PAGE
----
A Nice Home in South Africa

by Libby Ballou


Kayamandi means “nice home.” If I had heard this before the summer of 2015, I would have pictured a mansion with many amenities. Yet, after my month-long study abroad in South Africa, my connotation of this phrase, as well as my general perspective of life, has shifted. Working in Kayamandi – a township located outside of Stellenbosch, South Africa – has been an enriching experience. It has contributed to my education just as much as my classroom experiences because it has provided a hands-on, face-to-face, real learning opportunity. Interacting with the children at the iKhaya Trust Center within Kayamandi has allowed me to witness elements of South African societies (particularly the education system) without a separatist attitude. I have learned a great deal about South African societies, people in Kayamandi, the processes of development, and myself.

After more than 30 hours of travel, 3 planes, and 100 nervous thoughts, I arrived in Stellenbosch, South Africa on May 9th, 2015. Located about 50 kilometers from Cape Town, this city of 90,000 hosts Stellenbosch University. The university’s origins can be traced back to 1866, and today, it is a thriving town filled with varying shops, delicious restaurants, and academic buildings. Vineyards and mountains surround it.

My time on this program can be easily divided into two categories of activities: academics and service learning. In terms of academics, the classes my fellow students and I took were held in the Sasol Art Museum, a beautiful red and white building on campus that is filled with traditional artwork as well as archaeological and anthropological findings. It was within a small classroom on the ground floor that we studied South African Societies and Politics of Development.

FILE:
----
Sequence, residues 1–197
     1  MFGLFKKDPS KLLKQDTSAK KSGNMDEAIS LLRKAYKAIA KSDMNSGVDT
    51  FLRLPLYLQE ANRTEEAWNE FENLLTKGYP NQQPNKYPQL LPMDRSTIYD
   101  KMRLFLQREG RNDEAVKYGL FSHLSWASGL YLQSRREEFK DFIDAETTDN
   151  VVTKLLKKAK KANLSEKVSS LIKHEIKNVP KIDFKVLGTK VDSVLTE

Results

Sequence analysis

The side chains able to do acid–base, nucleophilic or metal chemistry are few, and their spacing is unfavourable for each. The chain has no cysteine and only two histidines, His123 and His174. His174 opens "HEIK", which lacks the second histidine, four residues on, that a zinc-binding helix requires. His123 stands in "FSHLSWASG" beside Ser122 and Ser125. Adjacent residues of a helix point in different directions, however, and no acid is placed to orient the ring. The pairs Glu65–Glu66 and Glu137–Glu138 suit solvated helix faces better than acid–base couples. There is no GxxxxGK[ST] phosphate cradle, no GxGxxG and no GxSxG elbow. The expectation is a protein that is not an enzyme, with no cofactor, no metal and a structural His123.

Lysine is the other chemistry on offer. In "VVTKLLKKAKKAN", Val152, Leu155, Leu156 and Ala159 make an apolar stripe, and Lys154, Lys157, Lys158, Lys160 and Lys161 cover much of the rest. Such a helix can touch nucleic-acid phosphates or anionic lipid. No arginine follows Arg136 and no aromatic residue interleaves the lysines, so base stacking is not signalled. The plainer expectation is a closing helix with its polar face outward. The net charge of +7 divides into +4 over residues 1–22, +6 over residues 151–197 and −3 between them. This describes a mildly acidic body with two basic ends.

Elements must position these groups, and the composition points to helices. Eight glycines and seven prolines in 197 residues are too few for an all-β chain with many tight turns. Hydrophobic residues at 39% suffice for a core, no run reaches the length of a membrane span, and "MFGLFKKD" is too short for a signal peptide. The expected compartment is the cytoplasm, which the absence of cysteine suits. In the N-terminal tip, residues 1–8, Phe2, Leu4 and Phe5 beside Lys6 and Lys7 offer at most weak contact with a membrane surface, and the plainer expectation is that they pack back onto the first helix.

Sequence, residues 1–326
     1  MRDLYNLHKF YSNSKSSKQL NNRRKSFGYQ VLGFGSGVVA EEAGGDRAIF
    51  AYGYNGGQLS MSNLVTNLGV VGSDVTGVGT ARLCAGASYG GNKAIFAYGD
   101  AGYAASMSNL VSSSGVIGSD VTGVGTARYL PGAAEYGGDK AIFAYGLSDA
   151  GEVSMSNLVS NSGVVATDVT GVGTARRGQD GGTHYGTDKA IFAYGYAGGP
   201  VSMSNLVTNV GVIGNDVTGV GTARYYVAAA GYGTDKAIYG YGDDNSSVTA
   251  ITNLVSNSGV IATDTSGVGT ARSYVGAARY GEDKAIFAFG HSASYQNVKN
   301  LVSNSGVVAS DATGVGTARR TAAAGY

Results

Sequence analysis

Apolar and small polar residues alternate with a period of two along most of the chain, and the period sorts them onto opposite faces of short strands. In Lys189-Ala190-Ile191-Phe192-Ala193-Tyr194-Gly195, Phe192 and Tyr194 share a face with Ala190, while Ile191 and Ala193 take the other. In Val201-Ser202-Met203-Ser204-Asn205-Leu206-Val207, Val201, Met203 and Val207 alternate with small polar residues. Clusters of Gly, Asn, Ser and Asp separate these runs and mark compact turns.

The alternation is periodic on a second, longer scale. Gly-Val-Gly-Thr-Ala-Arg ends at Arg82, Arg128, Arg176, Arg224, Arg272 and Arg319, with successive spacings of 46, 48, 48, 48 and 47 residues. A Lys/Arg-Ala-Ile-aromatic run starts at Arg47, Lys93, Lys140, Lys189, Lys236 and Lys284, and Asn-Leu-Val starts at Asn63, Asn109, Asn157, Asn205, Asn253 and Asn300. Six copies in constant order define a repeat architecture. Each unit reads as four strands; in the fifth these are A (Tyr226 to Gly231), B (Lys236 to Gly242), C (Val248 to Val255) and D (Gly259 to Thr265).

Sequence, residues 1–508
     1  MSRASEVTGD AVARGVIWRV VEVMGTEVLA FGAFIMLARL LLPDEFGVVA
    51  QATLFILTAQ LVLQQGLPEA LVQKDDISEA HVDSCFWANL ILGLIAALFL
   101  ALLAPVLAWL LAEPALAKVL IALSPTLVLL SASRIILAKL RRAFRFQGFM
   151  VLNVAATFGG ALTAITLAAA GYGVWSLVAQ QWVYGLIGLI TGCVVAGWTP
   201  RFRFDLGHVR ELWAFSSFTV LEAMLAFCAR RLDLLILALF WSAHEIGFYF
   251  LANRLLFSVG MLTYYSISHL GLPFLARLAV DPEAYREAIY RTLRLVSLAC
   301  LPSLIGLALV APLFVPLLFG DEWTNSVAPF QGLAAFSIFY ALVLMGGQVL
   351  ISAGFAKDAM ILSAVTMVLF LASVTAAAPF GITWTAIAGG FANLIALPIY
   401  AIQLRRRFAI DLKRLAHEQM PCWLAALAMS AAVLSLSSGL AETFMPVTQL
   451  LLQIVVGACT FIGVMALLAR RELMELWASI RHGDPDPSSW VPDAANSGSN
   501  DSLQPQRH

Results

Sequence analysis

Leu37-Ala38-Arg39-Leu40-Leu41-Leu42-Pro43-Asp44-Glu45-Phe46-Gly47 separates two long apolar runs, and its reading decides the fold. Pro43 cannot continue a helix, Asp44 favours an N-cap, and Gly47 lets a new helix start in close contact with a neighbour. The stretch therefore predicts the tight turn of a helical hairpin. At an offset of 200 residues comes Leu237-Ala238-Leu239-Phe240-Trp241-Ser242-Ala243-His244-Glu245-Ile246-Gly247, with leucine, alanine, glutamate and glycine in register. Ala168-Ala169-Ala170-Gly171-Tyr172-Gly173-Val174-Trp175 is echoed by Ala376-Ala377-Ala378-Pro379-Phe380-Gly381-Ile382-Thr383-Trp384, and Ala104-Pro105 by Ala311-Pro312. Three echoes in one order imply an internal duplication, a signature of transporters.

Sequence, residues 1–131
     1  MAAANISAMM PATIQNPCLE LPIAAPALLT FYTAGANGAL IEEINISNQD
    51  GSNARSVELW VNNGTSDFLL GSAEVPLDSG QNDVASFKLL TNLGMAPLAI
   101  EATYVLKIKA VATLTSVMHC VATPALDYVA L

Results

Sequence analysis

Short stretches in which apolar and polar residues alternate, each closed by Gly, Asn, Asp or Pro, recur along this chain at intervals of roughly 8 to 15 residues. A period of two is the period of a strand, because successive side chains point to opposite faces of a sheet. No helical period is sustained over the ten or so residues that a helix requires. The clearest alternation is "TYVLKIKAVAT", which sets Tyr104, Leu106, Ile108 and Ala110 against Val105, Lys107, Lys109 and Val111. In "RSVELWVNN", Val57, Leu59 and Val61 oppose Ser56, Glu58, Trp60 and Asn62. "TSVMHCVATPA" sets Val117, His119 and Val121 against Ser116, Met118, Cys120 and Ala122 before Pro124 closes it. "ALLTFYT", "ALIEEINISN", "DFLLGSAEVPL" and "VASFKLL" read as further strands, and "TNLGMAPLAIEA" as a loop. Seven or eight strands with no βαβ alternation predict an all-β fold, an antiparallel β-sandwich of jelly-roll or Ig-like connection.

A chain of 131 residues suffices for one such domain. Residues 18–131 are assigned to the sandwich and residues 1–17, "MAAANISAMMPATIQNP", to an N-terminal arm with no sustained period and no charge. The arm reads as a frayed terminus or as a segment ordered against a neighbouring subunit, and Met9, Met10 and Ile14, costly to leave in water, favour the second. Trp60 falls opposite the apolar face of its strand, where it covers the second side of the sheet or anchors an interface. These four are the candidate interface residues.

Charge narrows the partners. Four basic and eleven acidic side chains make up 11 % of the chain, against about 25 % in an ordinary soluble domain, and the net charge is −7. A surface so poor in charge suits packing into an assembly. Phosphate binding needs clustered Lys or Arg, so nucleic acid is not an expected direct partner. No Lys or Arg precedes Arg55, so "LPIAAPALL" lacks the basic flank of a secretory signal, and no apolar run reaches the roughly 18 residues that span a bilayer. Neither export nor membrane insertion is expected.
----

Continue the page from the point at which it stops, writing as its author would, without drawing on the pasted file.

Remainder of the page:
The second major component of this study abroad was the service learning. Every day after our classes, we would travel from campus to the township of Kayamandi, which is right outside of Stellenbosch. Kayamandi has an approximate population of 30,000 people. The unemployment rate is around 40%. The average monthly income per working household is estimated at R1000 (around $83). Although there are some concrete, government-built houses, most of the people live in small shacks with aluminum walls and tires, bathtubs, couches, and other heavy objects piled upon the roofs to keep them from blowing away. Within the iKhaya Trust Center, it was different; although nothing was exceedingly, drastically new or expensive, it was clean, organized, and efficient. iKhaya Trust is an aftercare center located within the township. It works with toddlers through children in high school.

Our task, as volunteers, was to help the children with their schoolwork. I worked with the 6th and 7th graders in a small classroom next to the playground. Typically, 10-20 kids would be in the classroom, and I would move from student to student, helping wherever I could. Sometimes, though, the kids would not have a lot of homework, so we would just talk. All of the children at iKhaya are interested in American popular culture. I was asked if I knew Rihanna, and several children sang Disney songs to me. I got to know almost all of the children in my classroom well. I worked often with Nombuso, a young girl who wanted to be a writer and was currently working on a short play called #FashionKillers about a model assassin. I worked with Azisiwe who wanted to be a lawyer, a doctor, a designer, and a model. I also worked with Khanya, who had a lot of trouble in school (especially with writing), yet he wanted to become a pilot. Khanya asked me such complex questions about planes that I did not know the answer. Getting to know these particular children – along with many others – was the most rewarding part of the trip. Many of them talked about the problems with their schools, such as teacher absenteeism. I also observed many of the problems for myself, such as lack of school supplies. Yet, despite the obstacles they face, these children are intelligent and happy. They play, laugh, and make jokes, just like all children do across the world. I am honored to have been a part of their lives, even for a short period of time.

Although the classes were incredible, it is my work at iKhaya that has most inspired my studies and my long-term goals. It is important to study policy and history in the classroom, but I have found that it is more important to see the impact of these concepts of the lives of people, especially children who will be living in whatever future the political and social structures have dictated.